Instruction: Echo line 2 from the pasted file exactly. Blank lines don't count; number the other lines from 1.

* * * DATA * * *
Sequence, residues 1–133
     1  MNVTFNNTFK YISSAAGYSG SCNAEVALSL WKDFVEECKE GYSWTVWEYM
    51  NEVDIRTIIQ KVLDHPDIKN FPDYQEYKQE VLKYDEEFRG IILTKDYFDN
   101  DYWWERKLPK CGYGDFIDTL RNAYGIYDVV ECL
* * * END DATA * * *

     1  MNVTFNNTFK YISSAAGYSG SCNAEVALSL WKDFVEECKE GYSWTVWEYM